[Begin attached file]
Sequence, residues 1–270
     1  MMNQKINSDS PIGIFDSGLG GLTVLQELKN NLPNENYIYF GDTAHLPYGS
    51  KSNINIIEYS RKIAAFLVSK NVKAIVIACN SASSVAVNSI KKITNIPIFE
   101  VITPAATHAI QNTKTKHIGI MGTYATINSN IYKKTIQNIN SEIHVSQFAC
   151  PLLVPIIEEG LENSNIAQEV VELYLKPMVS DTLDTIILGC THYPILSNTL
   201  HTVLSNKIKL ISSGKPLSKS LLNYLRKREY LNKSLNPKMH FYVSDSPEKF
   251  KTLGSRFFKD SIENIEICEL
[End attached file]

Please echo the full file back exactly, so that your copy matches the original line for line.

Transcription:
Sequence, residues 1–270
     1  MMNQKINSDS PIGIFDSGLG GLTVLQELKN NLPNENYIYF GDTAHLPYGS
    51  KSNINIIEYS RKIAAFLVSK NVKAIVIACN SASSVAVNSI KKITNIPIFE
   101  VITPAATHAI QNTKTKHIGI MGTYATINSN IYKKTIQNIN SEIHVSQFAC
   151  PLLVPIIEEG LENSNIAQEV VELYLKPMVS DTLDTIILGC THYPILSNTL
   201  HTVLSNKIKL ISSGKPLSKS LLNYLRKREY LNKSLNPKMH FYVSDSPEKF
   251  KTLGSRFFKD SIENIEICEL